The more recent SWTOR is focused, and designed with intent.  While Onderon may be a jungle planet, there are distinct areas to visit, and with a quick glance you can recognize your place.  Trainers are close by.  Transports are evenly distributed.  Quests follow a logical sense.

Compared to something like Corellia, where the zone is 4 times as big but has 10x less content.  Enemies are seemingly randomly placed, and the various objectives have you going to one corner, then another quite a distance away.  It’s like someone threw darts at a map on the wall.  Other planets aren’t much better.  Tython has you going through open spaces and over hills, plowing through raiders with no real rhyme or reason.  The world is artificially big, like it was padding for time.  Coruscant is a great example, in particular the sewer/power plant area which serves no actual purpose.  It’s just a wall of meat.

I can see the growth from KOTFE’s more linear structure through KOTET’s attempts are wider zones with clear paths.  The breadcrumbs throughout pull you along.  It feels like it respects your time more, with a narrower scope.  It forces you to do stuff rather than spend 75% of the time getting there and clicking an object, only to be told to go back to the starting point.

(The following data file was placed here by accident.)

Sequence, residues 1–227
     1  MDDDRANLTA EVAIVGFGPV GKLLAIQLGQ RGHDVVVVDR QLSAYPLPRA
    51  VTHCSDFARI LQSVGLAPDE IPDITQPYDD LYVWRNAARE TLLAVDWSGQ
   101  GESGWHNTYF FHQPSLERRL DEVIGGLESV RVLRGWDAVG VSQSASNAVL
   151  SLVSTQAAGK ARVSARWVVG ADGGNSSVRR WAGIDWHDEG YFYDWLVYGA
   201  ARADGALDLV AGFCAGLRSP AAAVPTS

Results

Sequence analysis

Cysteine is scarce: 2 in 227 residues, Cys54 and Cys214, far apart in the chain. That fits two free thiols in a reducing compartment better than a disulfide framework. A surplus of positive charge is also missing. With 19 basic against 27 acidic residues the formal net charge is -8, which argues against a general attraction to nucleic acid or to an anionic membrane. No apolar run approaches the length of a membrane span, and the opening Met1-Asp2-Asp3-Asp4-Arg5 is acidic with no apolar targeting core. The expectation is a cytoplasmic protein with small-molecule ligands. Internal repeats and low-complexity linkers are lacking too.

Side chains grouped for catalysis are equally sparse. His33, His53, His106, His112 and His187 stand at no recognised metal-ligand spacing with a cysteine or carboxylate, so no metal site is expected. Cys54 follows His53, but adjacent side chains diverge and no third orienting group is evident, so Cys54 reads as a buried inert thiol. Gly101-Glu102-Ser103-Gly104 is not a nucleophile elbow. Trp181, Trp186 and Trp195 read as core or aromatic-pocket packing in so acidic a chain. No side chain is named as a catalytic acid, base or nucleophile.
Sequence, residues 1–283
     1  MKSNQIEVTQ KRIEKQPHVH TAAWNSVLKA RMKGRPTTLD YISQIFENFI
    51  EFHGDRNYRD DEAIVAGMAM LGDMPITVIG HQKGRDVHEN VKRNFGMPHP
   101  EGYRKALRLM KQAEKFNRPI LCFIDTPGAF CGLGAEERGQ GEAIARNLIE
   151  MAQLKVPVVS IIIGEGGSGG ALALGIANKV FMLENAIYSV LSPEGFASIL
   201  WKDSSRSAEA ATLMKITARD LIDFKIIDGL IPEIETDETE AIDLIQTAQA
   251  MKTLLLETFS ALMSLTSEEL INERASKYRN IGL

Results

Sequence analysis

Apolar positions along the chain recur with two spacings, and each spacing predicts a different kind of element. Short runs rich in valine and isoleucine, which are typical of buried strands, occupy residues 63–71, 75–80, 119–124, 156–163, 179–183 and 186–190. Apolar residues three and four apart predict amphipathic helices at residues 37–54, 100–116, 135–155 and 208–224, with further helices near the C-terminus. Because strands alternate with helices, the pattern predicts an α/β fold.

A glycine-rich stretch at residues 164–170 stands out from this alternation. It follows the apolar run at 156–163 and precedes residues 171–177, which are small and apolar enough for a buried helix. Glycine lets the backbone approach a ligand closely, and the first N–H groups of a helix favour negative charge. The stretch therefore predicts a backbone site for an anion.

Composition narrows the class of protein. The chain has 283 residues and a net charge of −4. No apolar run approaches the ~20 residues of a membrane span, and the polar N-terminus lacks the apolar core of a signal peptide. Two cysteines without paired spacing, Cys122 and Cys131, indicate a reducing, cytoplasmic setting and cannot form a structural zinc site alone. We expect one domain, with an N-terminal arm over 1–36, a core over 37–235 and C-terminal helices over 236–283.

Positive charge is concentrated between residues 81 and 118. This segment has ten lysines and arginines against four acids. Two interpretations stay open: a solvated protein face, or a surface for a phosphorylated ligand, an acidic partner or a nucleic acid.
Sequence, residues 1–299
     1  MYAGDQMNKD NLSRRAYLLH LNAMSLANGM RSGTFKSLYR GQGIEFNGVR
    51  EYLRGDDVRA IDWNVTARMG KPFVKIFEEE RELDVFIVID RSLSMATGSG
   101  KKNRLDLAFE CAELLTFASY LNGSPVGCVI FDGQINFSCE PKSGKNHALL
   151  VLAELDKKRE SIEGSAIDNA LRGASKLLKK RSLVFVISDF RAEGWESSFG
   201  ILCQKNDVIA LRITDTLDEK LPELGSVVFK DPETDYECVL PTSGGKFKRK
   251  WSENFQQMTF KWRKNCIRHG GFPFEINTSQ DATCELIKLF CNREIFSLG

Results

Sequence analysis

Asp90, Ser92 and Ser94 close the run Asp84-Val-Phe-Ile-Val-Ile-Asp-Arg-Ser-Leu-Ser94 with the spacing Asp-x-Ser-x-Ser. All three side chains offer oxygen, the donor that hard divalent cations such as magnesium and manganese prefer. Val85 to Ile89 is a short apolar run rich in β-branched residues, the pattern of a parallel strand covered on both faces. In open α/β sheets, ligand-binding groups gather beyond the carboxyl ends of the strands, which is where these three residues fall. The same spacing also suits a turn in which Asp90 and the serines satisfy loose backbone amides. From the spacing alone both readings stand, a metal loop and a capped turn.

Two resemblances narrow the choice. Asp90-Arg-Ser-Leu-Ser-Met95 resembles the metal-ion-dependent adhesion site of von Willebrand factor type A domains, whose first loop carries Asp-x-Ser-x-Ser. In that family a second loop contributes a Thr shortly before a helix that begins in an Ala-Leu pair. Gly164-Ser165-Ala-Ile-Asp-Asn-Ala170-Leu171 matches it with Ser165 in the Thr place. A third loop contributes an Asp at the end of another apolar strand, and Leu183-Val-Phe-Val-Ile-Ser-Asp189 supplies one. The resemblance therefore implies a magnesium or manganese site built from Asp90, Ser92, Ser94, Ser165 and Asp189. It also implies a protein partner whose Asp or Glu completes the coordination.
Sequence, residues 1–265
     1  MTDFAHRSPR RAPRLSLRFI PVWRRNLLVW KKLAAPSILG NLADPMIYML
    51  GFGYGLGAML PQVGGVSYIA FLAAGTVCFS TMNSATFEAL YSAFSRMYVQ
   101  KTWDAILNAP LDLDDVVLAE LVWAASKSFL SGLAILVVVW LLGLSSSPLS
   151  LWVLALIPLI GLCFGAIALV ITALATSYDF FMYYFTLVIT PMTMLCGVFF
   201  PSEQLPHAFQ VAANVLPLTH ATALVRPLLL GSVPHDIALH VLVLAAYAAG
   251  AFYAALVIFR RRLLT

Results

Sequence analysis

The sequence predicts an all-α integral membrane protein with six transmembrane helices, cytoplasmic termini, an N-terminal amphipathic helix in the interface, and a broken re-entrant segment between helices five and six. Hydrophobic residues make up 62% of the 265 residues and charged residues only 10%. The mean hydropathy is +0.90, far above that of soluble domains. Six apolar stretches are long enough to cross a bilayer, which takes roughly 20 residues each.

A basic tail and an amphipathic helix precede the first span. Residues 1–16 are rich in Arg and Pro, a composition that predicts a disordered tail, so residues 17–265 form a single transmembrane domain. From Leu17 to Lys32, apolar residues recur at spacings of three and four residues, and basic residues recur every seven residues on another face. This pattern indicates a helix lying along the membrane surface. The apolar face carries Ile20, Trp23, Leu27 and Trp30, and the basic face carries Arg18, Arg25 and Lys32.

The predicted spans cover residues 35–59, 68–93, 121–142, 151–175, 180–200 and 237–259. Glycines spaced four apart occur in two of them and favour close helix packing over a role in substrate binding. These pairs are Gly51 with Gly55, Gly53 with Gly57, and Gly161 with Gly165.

Always Forward

Every MMO hits a few crisis points along the way.  Some are caused by an individual, some by ignorance, some simply by accrual of bad bets.   FF14 took the trophy on that with the original launch, and since then has taken a very long term approach with every decision.  WoW looks only to the next expansion, and the lack of planning paints them into corners every so often.